But it is one thing to say that the Parks Department isn’t required to accommodate the Hasidic women; it is quite another thing to say that the Parks Department shouldn’t accommodate them. Typically, government is permitted to accommodate religion, even where it isn’t required, so long as that accommodation doesn’t impose a significant burden on other citizens. And so, what’s good for the goose is good for the gander; if public access to a public pool isn’t a big enough deal to require a religious accommodation, then denying men access to the pool for a few hours a week also isn’t a big enough deal to prohibit the government from adopting women’s-only hours either.
In this way, but for the equality concerns raised by a rule that discriminates on the basis of sex, the women’s-only hours would fall under the broad category of “permissive accommodations”; indeed, there are droves of accommodations that federal and state governments afford religious citizens that fall into this category of not required but permitted — everything from laws that provide prisoners with kosher food to exceptions that allow children to drink a little wine as part of a religious ritual.
And so much of the legal issue at stake when balancing religion and equality boils down to the following: Is a permitted, but not required, accommodation a good enough reason to justify a rule that discriminates on the basis of sex? Different people — and different courts — are likely to provide different answers to the question. Maybe the right answer is that the idea of having rules that differentiate — and thereby discriminate — on the basis of sex is so offensive, so counter to our constitutional ethos, that we simply cannot tolerate such rules unless absolutely necessary.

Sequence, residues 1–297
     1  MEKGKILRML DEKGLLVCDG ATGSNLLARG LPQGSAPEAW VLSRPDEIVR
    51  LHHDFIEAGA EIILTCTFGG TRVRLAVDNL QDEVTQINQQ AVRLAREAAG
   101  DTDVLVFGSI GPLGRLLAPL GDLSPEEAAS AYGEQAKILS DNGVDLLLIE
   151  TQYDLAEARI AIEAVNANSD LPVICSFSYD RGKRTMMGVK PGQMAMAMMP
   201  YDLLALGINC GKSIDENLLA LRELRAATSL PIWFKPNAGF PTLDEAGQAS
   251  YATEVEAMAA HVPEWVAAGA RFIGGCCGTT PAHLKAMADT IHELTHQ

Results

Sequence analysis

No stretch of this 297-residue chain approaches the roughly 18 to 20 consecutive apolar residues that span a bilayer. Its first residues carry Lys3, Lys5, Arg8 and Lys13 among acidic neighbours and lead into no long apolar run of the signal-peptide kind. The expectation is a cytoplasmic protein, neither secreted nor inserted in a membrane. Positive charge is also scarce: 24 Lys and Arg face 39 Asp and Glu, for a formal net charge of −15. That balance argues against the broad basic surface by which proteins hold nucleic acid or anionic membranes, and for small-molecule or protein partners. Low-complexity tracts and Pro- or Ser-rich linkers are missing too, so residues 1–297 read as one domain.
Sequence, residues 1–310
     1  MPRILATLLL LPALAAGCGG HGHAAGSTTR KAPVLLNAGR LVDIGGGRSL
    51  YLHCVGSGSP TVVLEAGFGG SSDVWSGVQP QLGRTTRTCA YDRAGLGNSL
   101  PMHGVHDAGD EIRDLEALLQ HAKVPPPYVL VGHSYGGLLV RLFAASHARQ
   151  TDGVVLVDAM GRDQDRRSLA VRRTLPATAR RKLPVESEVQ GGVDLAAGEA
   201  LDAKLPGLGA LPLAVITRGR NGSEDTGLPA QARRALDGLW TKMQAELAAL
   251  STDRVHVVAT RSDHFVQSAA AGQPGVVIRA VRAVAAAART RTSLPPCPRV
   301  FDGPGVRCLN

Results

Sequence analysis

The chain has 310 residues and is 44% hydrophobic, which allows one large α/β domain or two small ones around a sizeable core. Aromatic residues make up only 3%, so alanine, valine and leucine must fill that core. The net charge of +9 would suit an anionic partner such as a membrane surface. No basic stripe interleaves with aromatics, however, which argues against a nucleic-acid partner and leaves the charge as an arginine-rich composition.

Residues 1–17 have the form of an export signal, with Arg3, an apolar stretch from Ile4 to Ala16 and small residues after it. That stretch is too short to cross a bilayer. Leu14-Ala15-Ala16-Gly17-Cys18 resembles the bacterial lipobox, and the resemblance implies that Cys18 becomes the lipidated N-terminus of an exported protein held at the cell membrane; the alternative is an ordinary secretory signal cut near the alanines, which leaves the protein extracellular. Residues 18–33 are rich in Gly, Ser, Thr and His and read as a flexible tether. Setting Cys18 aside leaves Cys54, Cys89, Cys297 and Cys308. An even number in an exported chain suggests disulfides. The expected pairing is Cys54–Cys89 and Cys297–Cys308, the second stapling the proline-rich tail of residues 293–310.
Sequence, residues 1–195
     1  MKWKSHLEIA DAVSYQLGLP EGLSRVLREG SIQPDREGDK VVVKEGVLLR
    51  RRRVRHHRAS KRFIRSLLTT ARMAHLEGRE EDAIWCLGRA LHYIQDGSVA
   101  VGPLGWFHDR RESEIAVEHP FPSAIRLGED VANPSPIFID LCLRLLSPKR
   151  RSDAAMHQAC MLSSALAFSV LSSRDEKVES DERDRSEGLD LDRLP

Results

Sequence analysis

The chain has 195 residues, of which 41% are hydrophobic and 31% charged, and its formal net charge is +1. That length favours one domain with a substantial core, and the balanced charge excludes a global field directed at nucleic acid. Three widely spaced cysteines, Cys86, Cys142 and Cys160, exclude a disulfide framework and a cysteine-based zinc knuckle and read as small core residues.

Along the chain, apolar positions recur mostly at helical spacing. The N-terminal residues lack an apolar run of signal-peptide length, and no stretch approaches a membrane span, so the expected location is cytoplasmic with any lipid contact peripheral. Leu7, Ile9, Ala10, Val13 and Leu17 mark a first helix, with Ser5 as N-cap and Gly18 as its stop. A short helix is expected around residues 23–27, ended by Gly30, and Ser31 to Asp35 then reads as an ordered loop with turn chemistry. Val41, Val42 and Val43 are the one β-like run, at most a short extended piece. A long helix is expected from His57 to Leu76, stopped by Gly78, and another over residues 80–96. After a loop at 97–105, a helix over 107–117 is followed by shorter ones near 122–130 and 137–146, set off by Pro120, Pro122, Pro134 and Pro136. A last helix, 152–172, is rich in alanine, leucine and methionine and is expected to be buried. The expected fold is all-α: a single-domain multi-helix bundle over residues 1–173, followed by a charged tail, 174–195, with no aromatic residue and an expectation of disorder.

But such a stance seems to take too stingy an approach to the relationship between broad principles of government regulation and religious toleration. When it comes to collectively shared government benefits — like a public pool — citizens and government ought to work together and find ways to craft rules and policies that account for the wide range of respective beliefs and identities of everyone.
And in cases where in many ways the stake are so low — when all that hangs in the balance is some additional pool time — permissive accommodations serve to promote communal solidarity through reciprocal recognition of each citizen’s personal commitments. Unlike recent clashes over contraception and same-sex marriage, when law and religion clash at the local public pool, citizens can yield to each other without losing too much. And in such cases, there seems to be good enough reasons to cabin a few hours a week to accommodate the religious practices of local religious group.
Michael A. Helfand is an associate professor at Pepperdine University School of Law and associate director of Pepperdine’s Diane and Guilford Glazer Institute for Jewish Studies. Follow him on Twitter, @mahelfand